As a rule, establishing these streams of income is not as easy as selecting a savings account and making a deposit. The consideration of these alternatives entails careful study and usually requires some expert assistance. Given this caveat, several things should be obvious in this casual review of passive income sources:

1. The potential returns from many passive income sources are equal to, if not greater, than those offered by interest-bearing financial instruments, particularly given current interest rates. The ultimate goal of retirement planning is to produce a reliable and profitable passive income stream. Interest-bearing financial products may be used to accomplish this objective, but they aren’t the only way. It makes sense to consider the alternatives, especially given the low rates of return, and the subsequent loss of purchasing power over time.

2. The principal advantage of interest-bearing financial instruments in providing passive income is their lower level of financial risk and/or guarantees. Safety and certainty are important financial considerations, and these features explain why interest-bearing products have a place in almost every retiree’s portfolio. The suitability of including these non-guaranteed passive income programs must be weighed in light of their perceived risks.

3. You may want to consider developing alternative passive income strategies before retirement. Some passive income streams are really deferred compensation plans; the producer makes a decision when to receive income, and in what form. For many high-level executives, a deferred compensation package is a critical component in their employment agreement.

4. How you approach developing passive income for the future might affect how you save today. The conventional accumulation-distribution retirement income model has some advantages, but can also be restrictive. Qualified retirement plans have regulations that discourage early withdrawals; once the money is deposited, the financial cost of making changes may be prohibitive. Many accumulation products, such as those that invest in equities, historically deliver the best results when held for longer periods, so a decision to invest today is really a long-term decision. Research repeatedly shows that jumping in and out on these products results in poor investment performance.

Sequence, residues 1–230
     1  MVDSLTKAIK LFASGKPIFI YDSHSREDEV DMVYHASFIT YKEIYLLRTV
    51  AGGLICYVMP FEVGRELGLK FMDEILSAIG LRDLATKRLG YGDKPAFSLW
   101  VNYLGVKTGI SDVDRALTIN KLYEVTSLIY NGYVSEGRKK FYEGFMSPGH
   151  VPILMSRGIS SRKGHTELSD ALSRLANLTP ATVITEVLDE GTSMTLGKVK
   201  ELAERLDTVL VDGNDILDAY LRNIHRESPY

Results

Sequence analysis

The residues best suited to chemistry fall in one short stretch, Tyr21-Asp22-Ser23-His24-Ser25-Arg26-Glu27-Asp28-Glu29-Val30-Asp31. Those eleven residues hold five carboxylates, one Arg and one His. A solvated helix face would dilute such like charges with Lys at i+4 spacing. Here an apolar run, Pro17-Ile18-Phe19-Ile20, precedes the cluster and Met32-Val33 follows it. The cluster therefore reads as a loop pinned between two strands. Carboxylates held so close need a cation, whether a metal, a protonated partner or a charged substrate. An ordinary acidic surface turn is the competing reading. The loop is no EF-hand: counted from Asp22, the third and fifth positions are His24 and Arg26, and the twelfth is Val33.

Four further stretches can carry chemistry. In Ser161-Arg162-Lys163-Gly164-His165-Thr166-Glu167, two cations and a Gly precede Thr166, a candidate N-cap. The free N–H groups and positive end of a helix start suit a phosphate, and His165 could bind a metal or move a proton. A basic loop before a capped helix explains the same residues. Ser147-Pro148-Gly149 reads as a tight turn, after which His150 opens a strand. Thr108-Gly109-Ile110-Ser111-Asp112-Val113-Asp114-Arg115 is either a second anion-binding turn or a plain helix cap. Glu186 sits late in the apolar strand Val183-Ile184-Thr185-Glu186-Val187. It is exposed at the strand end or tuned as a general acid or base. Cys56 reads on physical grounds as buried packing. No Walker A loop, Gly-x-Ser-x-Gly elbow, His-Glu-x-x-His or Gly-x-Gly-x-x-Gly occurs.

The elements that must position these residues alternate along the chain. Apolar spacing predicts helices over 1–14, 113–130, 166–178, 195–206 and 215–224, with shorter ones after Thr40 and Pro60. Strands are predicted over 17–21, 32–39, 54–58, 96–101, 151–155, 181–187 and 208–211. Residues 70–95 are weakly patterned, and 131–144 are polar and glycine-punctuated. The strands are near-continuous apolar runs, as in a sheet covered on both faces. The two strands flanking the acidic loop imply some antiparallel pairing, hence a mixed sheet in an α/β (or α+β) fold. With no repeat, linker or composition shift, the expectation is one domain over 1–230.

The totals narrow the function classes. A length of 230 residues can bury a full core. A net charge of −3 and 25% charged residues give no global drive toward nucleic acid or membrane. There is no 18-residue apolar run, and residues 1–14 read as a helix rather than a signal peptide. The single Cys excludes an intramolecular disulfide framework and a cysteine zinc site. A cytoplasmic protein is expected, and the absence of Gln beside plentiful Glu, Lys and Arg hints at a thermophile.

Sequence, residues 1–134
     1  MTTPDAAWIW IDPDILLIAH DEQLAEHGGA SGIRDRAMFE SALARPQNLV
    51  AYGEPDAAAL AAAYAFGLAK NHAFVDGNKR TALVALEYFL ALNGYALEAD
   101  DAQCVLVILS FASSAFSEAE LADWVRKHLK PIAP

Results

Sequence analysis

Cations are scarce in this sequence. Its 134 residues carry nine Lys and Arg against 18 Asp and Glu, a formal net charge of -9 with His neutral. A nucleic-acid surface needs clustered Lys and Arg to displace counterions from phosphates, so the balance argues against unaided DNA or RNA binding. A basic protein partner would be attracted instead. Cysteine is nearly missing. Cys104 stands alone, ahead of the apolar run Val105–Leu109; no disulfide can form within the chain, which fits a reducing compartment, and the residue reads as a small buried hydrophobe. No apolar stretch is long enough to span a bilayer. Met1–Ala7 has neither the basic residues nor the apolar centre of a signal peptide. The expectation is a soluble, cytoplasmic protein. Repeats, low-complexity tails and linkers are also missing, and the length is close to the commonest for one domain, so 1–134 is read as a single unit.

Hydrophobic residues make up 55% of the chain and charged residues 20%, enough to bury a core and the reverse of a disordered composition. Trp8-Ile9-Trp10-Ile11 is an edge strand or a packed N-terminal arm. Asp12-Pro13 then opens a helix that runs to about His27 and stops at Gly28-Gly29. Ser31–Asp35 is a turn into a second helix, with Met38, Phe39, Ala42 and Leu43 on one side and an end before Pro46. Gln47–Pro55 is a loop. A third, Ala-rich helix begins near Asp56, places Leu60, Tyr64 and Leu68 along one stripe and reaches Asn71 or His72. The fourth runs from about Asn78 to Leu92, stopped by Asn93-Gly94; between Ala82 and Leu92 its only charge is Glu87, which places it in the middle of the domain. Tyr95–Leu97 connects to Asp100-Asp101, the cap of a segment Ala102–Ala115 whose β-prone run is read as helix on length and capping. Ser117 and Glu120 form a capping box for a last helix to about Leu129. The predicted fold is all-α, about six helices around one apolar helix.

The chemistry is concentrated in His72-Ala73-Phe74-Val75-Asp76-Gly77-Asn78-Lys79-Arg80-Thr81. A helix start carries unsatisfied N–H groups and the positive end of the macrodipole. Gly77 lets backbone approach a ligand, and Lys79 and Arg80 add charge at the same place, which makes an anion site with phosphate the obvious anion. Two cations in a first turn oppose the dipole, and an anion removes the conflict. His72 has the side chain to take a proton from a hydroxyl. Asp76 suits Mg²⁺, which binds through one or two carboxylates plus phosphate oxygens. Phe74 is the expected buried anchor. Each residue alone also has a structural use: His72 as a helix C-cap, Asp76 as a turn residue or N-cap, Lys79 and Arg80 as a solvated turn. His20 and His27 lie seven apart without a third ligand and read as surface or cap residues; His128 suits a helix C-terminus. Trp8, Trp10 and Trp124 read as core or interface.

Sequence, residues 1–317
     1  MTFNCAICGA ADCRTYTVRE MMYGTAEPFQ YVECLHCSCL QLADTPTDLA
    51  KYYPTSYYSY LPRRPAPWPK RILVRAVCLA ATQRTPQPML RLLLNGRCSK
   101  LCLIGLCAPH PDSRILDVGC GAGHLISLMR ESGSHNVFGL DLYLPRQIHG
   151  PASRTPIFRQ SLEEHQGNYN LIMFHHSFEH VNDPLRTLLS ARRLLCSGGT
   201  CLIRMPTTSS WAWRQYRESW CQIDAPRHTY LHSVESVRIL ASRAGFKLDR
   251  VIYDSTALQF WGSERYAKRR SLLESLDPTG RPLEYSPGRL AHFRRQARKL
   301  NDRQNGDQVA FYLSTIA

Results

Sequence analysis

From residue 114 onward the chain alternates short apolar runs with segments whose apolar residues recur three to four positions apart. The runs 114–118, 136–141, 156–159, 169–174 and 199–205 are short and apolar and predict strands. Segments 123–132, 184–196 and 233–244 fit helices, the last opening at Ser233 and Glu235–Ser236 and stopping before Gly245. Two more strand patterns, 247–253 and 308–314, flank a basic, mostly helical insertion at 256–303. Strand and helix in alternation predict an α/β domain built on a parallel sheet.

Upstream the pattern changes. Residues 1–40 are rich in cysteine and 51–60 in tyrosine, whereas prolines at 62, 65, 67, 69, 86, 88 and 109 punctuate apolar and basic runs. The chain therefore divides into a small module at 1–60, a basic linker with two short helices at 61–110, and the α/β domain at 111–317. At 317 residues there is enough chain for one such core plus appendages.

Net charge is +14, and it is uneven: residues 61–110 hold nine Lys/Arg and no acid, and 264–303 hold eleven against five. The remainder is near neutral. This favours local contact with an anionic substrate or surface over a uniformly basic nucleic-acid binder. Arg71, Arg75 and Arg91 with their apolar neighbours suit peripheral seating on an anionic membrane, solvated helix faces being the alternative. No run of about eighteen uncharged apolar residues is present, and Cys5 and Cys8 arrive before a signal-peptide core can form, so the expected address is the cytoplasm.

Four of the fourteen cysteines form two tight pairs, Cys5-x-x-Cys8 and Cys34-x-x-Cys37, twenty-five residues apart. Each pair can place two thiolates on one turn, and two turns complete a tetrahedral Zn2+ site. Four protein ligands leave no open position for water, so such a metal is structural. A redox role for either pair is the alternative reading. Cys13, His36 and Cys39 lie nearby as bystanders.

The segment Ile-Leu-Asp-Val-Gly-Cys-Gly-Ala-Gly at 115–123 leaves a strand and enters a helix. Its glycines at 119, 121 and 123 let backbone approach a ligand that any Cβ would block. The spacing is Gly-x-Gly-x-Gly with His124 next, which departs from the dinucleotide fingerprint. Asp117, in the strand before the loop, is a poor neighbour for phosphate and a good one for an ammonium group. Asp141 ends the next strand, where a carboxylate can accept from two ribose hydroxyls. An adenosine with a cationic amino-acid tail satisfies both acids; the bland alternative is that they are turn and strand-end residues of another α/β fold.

For many Americans, the accumulation-distribution model is a workable retirement strategy. But the outcomes from using this approach are dependent on two variables: the amount accumulated while working, and the interest rate that can be secured to deliver the passive income. Today’s historically low interest rates have prompted many retirees to consider passive income alternatives. But even if the returns were higher from interest-bearing financial instruments, some individuals might benefit from beginning to develop other passive income sources for retirement—and even before retirement.

As you evaluate your current circumstances and your prospects for retirement, the following questions may be relevant:

Does your current employment situation offer the opportunity for deferred compensation?

Have you considered developing other passive income sources?

Do your current saving allocations allow for the possibility of establishing a passive income before retirement?

If any of these concepts pique your interest, make sure they are a topic of discussion the next time you meet with one of your financial professionals.

Elozor Preil is Managing Director at Wealth Advisory Group and Registered Representative and Financial Advisor of Park Avenue Securities LLC (PAS). He can be reached at epreil _wagroupllc.com. See www.wagroupllc.com/epreil for full disclosures and disclaimers. Guardian, its subsidiaries, agents or employees do not give tax or legal advice. You should consult your tax or legal advisor regarding your individual situation.

By Elozor M. Preil